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Old 01-31-2019   #1
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Question on PVC Groover diameter

I'm leading a Boy Scout Venture Crew on an 11 self support kayak trip down Labyrinth and Stillwater Canyons this summer.
Our plan is for everyone to make their own PVC groover to store their wag bags in. The PVC groovers would be similar to what yaktube makes and what can be found on campingbykayak.com.
I'd like to get advice from y'all who have I'm leading a Boy Scout Venture Crew on an 11 self support kayak trip down Labyrinth and Stillwater Canyons this summer.
Our plan is for everyone to make their own PVC groover to store their wag bags in. The PVC groovers would be similar to what yaktube makes and what can be found on kayakcamping.com.
I'd like to get advice from y'all who have experience using PVC groovers on extended self support kayak trips. What diameter of PVC pipe and how long should the pipe be to store up to a 6 day's worth of used wag bags?
We will be resupplying at Mineral Bottom on day 5 of the trip and sending out our garbage and wag bags so we don't need something to store 11 day's worth of wag bags.

Any advice from you all is appreciated.



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sing PVC groovers on extended self support kayak trips. What diameter of PVC pipe and how long should the pipe be to store up to a 6 day's worth of used wag bags?
We will be resupplying at Mineral Bottom on day 5 of the trip and sending out our garbage and wag bags so we don't need something to store 11 day's worth of wag bags.

Any advice from you all is appreciated.



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Old 01-31-2019   #2
 
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Salt Lake City, Utah
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I made a PVC groover for exactly this purpose. Mine is made out of 4" pipe and I'd guess it's about 18-24" long. I could measure later. It was barely large enough for me for a 4 night trip. A loaded wag bag does not compact down very well at all and the narrow tube makes it difficult to pack in. The whole setup just sucked, IMO. I'm not sure what size you'd need to make that work for a bigger load, but I would personally consider some other options. Maybe some 5 gallon buckets with gamma lids that are shared by the group. Then tie them down on the back of a kayak. If anyone will be in an inflatable, that would be a particularly good place to store them. I'm sure you can make the PVC work, but I just wasn't a fan of having to smash shit in there.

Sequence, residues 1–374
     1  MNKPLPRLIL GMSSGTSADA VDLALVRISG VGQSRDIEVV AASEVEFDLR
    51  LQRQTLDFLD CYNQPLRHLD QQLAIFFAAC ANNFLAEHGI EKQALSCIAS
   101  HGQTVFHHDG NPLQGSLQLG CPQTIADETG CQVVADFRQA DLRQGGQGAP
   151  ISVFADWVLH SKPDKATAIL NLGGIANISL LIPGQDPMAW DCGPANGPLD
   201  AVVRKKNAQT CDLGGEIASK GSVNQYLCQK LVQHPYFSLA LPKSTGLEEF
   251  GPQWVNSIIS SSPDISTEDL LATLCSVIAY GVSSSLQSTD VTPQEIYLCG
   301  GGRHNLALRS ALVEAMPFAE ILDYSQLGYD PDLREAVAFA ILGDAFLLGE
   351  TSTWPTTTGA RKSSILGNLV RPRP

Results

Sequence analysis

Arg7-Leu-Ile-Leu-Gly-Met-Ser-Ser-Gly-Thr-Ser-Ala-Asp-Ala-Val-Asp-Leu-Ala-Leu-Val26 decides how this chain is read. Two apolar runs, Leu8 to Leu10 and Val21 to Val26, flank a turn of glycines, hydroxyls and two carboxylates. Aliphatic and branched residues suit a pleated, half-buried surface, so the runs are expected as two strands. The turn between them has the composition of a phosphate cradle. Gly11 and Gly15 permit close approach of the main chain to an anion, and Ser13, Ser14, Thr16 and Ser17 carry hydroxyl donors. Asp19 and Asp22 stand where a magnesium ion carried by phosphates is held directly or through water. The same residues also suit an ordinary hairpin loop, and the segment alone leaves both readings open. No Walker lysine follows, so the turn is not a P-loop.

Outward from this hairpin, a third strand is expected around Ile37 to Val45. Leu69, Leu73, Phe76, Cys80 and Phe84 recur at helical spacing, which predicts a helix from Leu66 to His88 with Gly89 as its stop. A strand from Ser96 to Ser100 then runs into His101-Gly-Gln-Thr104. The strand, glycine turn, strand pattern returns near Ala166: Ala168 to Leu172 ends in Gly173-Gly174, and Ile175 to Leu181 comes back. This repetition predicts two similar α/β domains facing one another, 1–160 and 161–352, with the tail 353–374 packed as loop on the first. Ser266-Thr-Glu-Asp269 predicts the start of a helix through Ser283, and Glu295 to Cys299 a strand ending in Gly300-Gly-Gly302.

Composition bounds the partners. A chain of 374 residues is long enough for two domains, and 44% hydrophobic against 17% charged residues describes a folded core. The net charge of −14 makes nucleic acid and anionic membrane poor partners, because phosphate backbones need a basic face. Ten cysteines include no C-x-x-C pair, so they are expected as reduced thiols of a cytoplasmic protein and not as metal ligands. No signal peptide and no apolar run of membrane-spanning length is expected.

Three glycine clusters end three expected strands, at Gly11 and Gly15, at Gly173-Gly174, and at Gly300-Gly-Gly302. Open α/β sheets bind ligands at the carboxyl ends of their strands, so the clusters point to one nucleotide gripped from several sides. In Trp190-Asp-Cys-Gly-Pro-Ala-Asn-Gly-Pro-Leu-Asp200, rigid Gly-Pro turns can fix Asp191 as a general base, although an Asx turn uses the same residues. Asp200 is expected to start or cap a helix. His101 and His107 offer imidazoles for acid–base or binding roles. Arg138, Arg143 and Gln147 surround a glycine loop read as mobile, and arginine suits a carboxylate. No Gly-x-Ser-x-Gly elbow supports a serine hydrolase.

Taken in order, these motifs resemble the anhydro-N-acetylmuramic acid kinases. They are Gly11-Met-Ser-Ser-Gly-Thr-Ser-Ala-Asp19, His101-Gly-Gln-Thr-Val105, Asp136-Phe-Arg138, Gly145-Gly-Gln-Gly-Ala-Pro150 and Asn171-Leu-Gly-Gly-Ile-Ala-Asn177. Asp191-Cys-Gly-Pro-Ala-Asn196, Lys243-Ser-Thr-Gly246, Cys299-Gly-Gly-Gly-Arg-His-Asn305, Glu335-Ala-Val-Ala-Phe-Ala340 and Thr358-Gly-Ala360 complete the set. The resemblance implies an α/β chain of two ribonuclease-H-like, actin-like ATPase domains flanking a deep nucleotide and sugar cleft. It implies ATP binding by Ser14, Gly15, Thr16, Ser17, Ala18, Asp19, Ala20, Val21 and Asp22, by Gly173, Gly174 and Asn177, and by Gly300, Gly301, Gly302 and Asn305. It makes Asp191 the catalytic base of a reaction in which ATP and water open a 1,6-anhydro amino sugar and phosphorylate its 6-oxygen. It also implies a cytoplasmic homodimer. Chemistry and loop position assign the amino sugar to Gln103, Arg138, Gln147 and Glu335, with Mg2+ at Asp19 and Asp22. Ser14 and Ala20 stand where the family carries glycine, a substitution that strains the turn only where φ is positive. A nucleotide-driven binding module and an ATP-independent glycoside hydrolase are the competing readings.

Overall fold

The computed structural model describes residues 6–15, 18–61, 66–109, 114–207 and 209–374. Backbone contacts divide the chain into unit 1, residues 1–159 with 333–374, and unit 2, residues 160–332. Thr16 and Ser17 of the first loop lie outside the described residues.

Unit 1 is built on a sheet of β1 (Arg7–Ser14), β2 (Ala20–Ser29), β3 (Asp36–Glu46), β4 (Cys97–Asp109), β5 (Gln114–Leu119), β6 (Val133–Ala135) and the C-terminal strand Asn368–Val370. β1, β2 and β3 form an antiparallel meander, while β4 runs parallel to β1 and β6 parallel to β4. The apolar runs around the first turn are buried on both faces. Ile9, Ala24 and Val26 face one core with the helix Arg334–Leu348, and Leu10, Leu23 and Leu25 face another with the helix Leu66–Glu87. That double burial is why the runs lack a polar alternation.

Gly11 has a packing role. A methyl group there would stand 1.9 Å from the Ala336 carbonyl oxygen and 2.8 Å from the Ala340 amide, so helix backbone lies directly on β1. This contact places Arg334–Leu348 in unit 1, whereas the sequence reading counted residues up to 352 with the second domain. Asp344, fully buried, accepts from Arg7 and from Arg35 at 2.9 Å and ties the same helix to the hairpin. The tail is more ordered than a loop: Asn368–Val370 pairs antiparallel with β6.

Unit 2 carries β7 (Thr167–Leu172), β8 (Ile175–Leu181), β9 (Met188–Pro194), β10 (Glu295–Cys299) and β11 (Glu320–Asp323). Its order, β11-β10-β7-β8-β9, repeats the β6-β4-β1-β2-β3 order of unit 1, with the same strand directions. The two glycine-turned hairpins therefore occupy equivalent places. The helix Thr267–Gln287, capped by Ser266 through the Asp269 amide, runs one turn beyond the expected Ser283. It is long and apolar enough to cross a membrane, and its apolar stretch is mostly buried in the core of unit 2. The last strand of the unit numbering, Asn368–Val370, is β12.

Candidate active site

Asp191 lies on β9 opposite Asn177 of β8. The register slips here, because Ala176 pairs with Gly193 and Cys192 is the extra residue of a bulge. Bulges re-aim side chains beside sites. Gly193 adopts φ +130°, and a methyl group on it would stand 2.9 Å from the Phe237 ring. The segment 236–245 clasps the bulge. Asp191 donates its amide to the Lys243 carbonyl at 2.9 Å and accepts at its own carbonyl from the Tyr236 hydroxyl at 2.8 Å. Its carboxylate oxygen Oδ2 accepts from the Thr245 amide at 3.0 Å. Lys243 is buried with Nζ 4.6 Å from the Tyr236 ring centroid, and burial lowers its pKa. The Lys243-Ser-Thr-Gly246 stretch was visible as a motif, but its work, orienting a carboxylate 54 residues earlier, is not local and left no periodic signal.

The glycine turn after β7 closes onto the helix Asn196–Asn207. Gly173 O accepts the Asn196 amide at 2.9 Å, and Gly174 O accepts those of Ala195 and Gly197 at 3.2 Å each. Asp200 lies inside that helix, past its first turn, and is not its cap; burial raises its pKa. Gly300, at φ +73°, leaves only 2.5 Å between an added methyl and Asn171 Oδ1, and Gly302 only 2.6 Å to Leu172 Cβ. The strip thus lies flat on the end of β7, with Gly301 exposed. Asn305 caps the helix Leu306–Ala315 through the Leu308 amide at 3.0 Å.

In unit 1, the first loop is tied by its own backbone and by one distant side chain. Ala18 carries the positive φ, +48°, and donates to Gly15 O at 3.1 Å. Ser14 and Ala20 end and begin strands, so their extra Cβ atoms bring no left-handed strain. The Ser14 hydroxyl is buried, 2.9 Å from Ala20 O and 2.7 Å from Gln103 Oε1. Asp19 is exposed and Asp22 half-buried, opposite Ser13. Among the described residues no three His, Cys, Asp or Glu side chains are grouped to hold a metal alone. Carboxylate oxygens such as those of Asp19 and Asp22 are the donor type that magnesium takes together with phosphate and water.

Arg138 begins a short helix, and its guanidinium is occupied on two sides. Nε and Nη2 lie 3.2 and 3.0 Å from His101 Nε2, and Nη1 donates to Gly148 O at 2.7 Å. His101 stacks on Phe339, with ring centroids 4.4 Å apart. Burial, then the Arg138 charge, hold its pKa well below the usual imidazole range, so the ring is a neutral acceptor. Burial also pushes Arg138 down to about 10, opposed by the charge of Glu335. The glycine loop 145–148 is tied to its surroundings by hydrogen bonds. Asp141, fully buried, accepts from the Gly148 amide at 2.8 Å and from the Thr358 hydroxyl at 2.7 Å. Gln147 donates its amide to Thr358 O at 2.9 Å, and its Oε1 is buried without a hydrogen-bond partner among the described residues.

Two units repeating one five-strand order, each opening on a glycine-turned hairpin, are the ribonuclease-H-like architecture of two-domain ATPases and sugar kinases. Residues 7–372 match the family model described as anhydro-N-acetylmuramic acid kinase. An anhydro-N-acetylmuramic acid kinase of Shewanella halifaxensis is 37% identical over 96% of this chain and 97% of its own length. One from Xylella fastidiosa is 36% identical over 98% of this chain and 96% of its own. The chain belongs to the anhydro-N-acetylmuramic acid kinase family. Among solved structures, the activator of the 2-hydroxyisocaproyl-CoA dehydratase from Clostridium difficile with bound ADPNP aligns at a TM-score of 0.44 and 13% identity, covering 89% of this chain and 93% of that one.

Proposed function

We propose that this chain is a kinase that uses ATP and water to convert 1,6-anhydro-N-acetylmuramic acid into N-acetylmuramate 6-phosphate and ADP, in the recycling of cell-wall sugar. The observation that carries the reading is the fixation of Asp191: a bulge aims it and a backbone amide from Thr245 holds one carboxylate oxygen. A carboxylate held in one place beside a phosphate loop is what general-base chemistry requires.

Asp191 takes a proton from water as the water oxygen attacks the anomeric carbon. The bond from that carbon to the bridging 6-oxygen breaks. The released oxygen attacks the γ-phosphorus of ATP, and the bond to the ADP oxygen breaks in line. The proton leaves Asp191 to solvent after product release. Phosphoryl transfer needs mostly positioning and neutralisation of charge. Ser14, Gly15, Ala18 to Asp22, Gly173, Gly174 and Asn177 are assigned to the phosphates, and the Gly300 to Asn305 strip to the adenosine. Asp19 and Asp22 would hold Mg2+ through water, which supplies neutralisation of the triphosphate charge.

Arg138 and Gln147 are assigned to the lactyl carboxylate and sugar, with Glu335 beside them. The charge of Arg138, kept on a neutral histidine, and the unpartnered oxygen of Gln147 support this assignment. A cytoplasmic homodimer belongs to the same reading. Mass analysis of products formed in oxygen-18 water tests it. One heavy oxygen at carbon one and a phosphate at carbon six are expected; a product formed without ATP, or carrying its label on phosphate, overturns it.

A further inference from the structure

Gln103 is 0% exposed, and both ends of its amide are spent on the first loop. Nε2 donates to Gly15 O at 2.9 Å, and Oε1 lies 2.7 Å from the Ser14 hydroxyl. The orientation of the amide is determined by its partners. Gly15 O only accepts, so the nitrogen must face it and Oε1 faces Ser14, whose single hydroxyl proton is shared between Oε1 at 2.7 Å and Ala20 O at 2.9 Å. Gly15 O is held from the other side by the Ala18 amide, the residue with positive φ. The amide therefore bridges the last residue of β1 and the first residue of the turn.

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Old 01-31-2019   #3
 
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Prolly depends on the age of the boy scouts but for adults 4" is the standard and the “rule of thumb” is 40 cubic inches per day. Think that is roughly 2" of length per day - multiple posts and videos on it.

Thought that was also a NPS requirement but haven't found that in the grand regs I am reading yet.
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Old 01-31-2019   #4
 
White Mountains, Arizona
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I just built mine today but have been researching for a while. Here are the high points:


1. Google has an area of a cylinder calculator.
2. NPS regs for the Grand indicate 40-cubic-inches/day.
3. Some forum posts indicate that in the real world we use about half of that.
4. I've also seen estimates of 2" per day using 4" pipe.
5. There are different wall thicknesses for PVC pipes and fittings. The nominal size is based on the inside diameter but the pipes are sized to the outside so that fittings are interchangeable between pipes with different wall thickness. Some fittings are much heavier than others!



For the length of your trip and since price is presumably important, I'd use 4" DWV PVC pipe and fittings since they are fairly thin-walled, readily available and cheap. By my calcs, using 40-cubic-inches/day (since the poo will be in wag bags), that's 3-inches/day.


I built mine 17-inches long with 6-inch SDR-64 pipe and SDR-35 fittings. That should handle 14-days and I'm happy with the size/weight.


Let me know if you think of an ingenious groover wrench! Good luck!
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Old 01-31-2019   #5